Clyde Rayburn said Jerry Dobel, from Independence, Missouri, was the Drum Major in the 1950s, and would strut and toss his baton in the air. See below photograph which was taken in Los Angeles, CA.

National Competitions

Since 1951, the ensemble has represented Missouri in all 58 American Legion National Conventions as a competitive concert band; the only band in the nation to earn this distinction. It has also been honored with the title of “National Champion” several times. They won 1st place at competitions in 1983, 1984, 1999 and 2005. The band also came in second place in 2009 in Louisville, Kentucky and second in 2007 in Reno, Nevada. The band came in third place in 2008 in Phoenix, Arizona. In the fall of 2010, the band will be traveling to compete at the National American Legion Conference in Milwaukee, Wisconsin.

Mark Drake, from Stillwell, Kansas and the President of the Board, said his most memorable contest with the American Legion Band of Greater Kansas City was when they traveled to Honolulu, Hawaii, in 2005 and played on the USS Missouri battleship.

But, as Mark explains, the story has a fascinating twist:

“In order to transport our band the nearly 4800 miles to Honolulu in the most economical manner, we had to split up the group onto a couple of different flights. The majority of our people were traveling on Northwest Airlines. All of them had to make a connection after departing Kansas City. Unfortunately, Northwest Airlines experienced a "work stoppage" while our groups were in transit! Attempting to accommodate them, Northwest thought to further split up our people and move them to other Northwest gateway cities or put them on other airlines that would eventually deliver them to Honolulu.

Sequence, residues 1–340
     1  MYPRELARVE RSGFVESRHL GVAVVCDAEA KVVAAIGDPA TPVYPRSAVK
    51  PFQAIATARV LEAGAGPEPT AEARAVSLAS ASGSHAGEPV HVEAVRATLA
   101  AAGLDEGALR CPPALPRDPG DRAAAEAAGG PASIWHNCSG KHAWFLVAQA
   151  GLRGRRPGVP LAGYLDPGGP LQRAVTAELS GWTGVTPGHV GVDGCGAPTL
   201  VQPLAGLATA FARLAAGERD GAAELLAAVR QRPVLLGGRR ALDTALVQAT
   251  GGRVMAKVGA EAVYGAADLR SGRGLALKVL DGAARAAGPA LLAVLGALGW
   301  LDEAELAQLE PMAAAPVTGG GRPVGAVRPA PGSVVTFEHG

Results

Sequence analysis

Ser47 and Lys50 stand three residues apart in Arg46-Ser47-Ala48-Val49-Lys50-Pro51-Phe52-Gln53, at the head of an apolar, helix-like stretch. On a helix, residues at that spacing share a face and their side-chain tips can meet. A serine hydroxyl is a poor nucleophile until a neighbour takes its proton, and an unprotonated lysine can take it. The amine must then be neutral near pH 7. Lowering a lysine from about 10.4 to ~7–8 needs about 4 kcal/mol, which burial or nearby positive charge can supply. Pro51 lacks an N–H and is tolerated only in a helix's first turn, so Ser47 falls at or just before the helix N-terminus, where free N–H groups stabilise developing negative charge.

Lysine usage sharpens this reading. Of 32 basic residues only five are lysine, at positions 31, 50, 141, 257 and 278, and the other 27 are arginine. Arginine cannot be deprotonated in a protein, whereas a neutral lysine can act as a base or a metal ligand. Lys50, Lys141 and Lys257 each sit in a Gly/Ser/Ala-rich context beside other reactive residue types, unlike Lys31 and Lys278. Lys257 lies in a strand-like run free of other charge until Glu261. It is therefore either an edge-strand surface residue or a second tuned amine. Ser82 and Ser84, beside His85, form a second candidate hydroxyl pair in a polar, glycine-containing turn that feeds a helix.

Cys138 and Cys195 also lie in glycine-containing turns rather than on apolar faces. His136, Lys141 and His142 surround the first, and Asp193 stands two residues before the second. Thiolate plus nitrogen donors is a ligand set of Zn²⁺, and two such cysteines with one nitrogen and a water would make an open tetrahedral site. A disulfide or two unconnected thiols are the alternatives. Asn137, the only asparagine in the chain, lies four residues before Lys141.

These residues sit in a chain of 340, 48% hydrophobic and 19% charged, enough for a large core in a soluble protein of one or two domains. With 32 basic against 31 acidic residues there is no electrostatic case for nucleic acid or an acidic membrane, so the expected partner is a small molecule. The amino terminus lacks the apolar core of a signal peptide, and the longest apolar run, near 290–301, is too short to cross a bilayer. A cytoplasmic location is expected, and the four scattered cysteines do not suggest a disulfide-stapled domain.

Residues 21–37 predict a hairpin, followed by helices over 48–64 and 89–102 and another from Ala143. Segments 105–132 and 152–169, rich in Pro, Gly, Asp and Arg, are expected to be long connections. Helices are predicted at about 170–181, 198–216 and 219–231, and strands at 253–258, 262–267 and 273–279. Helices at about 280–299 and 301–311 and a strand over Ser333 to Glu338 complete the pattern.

I had traveled a day ahead of the band in order to attend the Legion's Contest Meeting in Honolulu and to finalize some of the logistical details prior to their arrival. To make a long story short, on contest day, I was in Honolulu with our director and two fellow officers and the rest of the band was scattered about the continental United States still trying to get to Honolulu.

Fortunately, all but two members eventually arrived in Honolulu but it was about 12 hours after our scheduled competition time! Our director had notified the contest officials of our predicament in advance of our contest time and they agreed to allow our band to compete if we could assemble the band within a specified time frame. It ended up that we bussed the band directly from the airport to the contest stage to perform. No rest time, no meal time, no time to change into our band uniforms, almost no time to warm up our instruments! We stepped onto the contest stage and placed first in the contest once all the scores had been tabulated!”

Mark also shares that his father directs an American Legion Band in Joliet, Illinois.
Sometimes the American Legion Band of Greater Kansas City ends up in a friendly competition with Mark’s father’s band.

The American Legion Band on the USS Missouri in Hawaii after winning the
National Championship at the American Legion National Convention in 2005.